Did You Really Need That CMS?

“Hello?”

“Hey, yeah, how’s it going? Listen, I was wondering if you could upload these blog posts with that CMS I had you build.”

“Umm...sure?”

“Thanks a lot.”

~two weeks later~

“Hello?”

“What’s up? I was looking at your invoices and I was wondering why you charged me for uploading the blog posts I sent you a bit ago.”

“You asked me for my time, I gave it, and then charged you for it.”

“What?? This is why we had the CMS built.”

This has happened way too often during my career as a web developer. A client wants a CMS. It sounds pretty. More to the point, it sounds like something they could use. Most times, it turns out a CMS isn’t really the way to go. Because they end up paying for a web developer team to stand up or build a CMS and then from that point they pay the dev team to update their website either because they’re too busy or that they underestimated what was required of them in terms of posting.

First, let’s define it. CMS means Content Management System. This is something like Wordpress or Drupal and it’s a useful tool for regularly updating your website. Other times, you might want a site that requires a unique touch. Building a CMS in that case isn’t a bad idea.

Honestly, though? You probably don’t need one.

I get offers from clients. In our first meeting, they ask me a bizarre question: How much for a blog? I never answer. Because a blog is just a catch-all term. I’m looking for what your company’s objectives are and what you want out of your website. If those objectives line up with being a blog, then hey, we’ll talk price then. But I always try to get people to step back and see what they need.

If they do want a CMS after all that, I ask about their content. Specifically how much they have. It usually goes like “Oh, we’ve got people writing it, but we really want to stand up the CMS and THEN start drafting up content.”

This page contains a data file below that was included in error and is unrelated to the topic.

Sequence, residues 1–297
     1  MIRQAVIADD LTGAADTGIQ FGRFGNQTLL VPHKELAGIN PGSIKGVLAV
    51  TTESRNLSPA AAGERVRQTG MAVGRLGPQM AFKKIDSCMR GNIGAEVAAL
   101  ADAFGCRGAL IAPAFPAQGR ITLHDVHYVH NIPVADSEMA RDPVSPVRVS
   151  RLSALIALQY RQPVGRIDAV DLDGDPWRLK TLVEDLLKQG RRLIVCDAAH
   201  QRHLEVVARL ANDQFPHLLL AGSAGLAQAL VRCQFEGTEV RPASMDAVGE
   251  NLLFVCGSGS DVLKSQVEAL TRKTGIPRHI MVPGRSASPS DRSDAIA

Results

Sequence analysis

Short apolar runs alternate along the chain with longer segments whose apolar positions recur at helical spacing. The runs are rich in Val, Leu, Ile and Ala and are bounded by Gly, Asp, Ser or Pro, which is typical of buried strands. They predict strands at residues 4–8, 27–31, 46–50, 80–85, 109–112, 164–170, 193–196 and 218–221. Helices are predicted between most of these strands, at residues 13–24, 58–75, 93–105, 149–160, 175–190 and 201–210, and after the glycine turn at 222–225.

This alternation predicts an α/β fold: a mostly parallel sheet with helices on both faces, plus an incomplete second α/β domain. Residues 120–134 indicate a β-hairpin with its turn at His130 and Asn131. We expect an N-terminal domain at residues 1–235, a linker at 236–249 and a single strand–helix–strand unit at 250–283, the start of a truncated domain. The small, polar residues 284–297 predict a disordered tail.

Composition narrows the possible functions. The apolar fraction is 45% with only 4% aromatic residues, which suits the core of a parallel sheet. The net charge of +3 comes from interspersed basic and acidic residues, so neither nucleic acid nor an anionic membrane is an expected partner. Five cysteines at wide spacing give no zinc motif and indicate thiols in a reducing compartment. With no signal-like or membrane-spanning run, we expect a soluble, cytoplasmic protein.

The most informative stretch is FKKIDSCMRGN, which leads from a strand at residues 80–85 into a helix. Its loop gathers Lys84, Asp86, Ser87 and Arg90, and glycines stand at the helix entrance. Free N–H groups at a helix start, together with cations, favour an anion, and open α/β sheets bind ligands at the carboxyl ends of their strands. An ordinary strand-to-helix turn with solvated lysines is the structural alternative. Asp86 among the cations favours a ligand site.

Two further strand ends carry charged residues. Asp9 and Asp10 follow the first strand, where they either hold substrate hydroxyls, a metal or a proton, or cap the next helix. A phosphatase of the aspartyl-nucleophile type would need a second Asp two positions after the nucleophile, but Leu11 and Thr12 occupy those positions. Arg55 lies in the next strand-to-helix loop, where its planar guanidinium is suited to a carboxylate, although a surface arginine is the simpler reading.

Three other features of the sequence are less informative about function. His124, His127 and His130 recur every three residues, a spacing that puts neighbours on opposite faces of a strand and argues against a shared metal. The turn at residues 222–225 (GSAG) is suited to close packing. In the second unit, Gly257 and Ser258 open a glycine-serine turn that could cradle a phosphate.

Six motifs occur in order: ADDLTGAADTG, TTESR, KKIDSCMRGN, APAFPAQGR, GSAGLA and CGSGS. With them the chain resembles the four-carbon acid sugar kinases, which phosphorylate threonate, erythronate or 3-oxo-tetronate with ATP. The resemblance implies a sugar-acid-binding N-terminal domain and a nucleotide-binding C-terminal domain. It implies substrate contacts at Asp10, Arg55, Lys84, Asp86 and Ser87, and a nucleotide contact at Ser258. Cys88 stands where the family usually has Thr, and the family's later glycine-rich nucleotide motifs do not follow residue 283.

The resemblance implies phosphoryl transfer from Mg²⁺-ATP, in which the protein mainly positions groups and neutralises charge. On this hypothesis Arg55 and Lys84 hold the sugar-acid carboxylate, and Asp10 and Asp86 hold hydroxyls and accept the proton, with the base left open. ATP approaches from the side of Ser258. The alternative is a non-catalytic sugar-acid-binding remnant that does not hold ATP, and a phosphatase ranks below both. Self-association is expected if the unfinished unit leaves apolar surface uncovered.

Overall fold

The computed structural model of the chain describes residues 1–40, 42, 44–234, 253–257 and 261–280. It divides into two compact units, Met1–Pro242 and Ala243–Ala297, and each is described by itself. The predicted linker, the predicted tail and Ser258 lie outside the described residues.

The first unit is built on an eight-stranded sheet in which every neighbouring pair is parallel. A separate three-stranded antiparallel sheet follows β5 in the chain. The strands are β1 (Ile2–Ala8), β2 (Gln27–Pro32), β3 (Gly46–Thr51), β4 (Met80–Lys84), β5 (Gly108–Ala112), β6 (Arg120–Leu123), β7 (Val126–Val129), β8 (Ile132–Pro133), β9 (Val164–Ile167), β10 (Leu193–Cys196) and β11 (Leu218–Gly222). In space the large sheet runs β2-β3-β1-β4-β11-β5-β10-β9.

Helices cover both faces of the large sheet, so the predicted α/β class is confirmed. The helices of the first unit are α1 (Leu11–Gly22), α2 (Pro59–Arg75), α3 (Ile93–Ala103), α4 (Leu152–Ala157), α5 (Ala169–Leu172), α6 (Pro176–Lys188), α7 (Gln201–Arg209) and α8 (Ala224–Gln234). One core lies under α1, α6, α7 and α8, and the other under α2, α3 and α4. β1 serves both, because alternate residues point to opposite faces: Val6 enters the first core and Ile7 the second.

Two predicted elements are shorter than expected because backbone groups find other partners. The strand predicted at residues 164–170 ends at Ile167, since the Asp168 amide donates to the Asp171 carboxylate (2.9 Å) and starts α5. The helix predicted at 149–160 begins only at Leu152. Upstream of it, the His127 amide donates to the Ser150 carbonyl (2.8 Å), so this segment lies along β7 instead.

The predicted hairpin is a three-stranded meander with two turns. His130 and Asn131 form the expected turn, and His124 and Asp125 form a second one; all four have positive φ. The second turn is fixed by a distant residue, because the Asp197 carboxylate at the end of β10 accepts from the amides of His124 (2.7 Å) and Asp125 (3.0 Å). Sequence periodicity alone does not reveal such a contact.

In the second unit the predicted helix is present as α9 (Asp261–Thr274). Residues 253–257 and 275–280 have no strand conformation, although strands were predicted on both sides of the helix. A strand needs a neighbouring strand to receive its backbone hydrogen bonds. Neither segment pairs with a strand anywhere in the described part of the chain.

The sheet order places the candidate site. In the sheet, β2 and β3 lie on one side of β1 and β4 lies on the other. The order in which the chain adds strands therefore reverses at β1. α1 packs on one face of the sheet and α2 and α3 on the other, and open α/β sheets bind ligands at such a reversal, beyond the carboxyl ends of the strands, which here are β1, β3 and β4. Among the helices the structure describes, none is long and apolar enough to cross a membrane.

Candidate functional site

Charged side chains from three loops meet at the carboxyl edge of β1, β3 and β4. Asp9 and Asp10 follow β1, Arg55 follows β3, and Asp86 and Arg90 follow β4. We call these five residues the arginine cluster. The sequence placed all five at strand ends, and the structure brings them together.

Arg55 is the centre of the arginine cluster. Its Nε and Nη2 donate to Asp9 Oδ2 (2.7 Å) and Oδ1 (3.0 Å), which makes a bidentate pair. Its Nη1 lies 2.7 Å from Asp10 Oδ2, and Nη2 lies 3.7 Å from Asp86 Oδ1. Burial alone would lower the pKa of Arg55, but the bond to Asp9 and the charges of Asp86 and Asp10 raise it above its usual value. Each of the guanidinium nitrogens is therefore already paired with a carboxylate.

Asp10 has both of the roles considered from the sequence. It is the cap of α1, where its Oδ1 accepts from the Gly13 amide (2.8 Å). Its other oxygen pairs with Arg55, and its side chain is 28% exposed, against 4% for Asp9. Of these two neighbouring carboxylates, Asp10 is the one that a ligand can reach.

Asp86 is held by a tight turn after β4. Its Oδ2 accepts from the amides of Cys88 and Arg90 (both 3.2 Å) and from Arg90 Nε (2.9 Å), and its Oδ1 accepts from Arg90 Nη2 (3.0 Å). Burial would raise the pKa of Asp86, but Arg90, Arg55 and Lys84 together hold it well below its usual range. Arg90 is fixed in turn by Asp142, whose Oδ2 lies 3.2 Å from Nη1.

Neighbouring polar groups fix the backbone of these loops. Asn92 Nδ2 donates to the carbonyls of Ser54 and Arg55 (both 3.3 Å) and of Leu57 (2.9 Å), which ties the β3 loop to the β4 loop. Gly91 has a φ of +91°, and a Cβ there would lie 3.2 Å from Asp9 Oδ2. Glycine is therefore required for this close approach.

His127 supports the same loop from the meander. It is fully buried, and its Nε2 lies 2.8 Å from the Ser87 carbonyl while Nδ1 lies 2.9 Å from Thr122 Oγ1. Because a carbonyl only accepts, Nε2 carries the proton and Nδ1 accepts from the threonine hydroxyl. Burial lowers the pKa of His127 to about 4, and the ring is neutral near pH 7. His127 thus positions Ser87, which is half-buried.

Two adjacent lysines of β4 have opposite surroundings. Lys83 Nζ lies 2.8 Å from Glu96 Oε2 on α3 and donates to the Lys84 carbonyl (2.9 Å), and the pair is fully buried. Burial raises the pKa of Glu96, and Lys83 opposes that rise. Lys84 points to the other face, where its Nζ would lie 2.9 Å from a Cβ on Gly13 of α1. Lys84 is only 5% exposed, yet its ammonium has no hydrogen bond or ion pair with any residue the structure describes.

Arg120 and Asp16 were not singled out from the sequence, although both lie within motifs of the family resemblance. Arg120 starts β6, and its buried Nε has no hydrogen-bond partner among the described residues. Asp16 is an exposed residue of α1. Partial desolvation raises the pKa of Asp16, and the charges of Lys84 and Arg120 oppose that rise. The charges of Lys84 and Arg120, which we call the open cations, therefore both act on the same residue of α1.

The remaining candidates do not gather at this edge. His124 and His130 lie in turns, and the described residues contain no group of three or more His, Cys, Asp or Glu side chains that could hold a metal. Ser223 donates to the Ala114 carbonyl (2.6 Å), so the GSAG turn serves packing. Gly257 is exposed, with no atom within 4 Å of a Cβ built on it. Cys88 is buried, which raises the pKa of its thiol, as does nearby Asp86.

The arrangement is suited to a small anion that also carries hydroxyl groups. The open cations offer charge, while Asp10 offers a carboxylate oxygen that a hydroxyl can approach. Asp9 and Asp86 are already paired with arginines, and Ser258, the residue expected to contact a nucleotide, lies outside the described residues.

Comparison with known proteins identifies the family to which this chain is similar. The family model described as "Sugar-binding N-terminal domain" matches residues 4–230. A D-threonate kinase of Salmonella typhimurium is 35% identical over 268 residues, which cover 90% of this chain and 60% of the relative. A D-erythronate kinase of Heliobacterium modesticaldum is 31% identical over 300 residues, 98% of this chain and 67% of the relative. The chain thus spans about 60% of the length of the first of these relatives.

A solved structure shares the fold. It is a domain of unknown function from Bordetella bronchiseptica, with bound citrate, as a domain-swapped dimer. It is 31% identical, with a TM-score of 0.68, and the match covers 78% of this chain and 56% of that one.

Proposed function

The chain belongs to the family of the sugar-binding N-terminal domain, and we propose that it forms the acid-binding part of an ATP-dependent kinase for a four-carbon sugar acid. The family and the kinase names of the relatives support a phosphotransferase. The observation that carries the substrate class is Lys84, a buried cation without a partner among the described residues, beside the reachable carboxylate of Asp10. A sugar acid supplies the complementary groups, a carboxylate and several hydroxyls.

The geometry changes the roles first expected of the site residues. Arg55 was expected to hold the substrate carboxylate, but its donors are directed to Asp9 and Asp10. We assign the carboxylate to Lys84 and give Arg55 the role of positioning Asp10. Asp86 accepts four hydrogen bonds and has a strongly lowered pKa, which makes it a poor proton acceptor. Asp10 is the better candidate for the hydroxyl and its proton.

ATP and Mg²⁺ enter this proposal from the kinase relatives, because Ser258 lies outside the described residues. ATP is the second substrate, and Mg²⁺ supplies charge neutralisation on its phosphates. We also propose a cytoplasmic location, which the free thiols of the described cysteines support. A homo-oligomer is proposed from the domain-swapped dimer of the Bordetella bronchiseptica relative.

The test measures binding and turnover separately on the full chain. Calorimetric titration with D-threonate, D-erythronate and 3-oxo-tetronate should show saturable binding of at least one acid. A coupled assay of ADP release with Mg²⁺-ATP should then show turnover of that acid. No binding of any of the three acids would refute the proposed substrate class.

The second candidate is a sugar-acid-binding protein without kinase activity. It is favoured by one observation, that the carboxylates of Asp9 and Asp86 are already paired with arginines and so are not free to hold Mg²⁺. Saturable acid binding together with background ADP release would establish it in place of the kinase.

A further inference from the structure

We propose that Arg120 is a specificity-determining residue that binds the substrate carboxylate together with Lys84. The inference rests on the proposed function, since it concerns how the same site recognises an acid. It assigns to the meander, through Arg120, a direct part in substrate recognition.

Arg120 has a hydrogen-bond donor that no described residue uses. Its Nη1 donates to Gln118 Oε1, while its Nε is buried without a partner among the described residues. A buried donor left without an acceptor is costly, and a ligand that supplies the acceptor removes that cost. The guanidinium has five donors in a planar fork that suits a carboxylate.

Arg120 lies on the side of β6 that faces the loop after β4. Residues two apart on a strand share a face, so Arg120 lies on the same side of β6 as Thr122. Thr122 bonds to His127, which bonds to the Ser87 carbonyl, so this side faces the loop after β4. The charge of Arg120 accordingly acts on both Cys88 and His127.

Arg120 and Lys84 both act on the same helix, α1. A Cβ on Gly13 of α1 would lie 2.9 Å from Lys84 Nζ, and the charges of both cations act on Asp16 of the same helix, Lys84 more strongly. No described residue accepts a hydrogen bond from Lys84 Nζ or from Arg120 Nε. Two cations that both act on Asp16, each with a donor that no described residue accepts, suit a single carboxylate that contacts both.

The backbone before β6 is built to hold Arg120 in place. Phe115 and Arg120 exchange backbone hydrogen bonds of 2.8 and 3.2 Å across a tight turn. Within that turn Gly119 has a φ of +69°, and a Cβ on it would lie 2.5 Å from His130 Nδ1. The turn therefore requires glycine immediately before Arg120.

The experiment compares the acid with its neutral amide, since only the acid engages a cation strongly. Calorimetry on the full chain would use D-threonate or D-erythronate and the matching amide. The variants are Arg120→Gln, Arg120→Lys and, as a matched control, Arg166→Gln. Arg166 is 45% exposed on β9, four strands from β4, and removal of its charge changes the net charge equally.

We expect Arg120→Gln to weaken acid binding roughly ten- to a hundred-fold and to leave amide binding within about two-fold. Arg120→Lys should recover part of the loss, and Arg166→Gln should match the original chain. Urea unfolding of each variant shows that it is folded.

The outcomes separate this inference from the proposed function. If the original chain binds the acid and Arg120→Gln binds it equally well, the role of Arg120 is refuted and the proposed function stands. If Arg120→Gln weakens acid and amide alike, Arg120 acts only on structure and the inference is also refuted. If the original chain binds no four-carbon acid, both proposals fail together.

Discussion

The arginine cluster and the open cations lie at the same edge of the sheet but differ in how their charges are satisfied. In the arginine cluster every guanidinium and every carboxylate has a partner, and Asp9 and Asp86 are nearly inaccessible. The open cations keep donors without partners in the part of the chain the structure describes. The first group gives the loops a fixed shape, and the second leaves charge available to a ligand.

So I do. I stand up the wordpress site or our own custom build...and it gathers cyber-cobwebs for weeks if not months. So let’s break it down.

“Off the shelf” CMS

Like I said, this is Wordpress or Drupal or anything else from a long list of apps and structures. These are only useful to you if you are useful with it. If you and your content crew is proficient with a particular CMS, you’ll be saving the most money by getting that dev team to stand it up and walk away. Start uploading your content and go crazy.

Think of it like a suit. You’re just waltzing into the store and grabbing whatever’s on the rack. This can be perfect if it fits. But if it doesn’t...you may want to get a custom build.

Custom Builds

There are plenty of sites that don’t fit the usual blog archetype. We can build a custom CMS to work with that. More importantly, we can build it to suit your needs. You don’t need to take any Wordpress tutorials, you can establish everything you want in a meeting with us. Once that’s rigged up, have that dev team walk away. Start uploading your content and go crazy.

Most clients cringe at the words “Custom CMS”. It sounds fancy and that makes most startups think big, fancy dollar signs; almost like it’s a whole app on top of their project. Back to the suit analogy, it’s like ordering a custom-tailored suit. We’ll take your details and a basic framework and then hem it to your specifications. Good news for web development is that those basic building blocks are cheap and fast, meaning that if you know what customization you want, it ends up less costly than expected.

Why You Don’t Need One

See what those two have in common? Crazy content. So many clients of mine have paid me to build up a CMS and start critiquing the way it looks before they’ve uploaded anything. I’m here to tell you that, when you’re working with a CMS, content is about 80% of your product. And I’m not going to pretend that writing a blog every day is easy. It’s not. And if you don’t have the content, well then you don’t need a management system for it.

Another, perhaps less likely scenario, is that you update infrequently enough that paying the dev team their shop rate to get your blog up is worth the time you save in not having to learn a CMS. Believe me, developers can work better and faster with bare-bones console commands or they can rig up a no-nonsense CMS of their own. Making us use the CMS you had us make is often more cumbersome than anything (after all, it’s a CMS designed to suit your needs, not ours) and it will end up costing you more.

So get your team ready. Get them writing. And as soon as you’ve got an idea what the gist of your content is and what your objectives are, let’s talk CMS.

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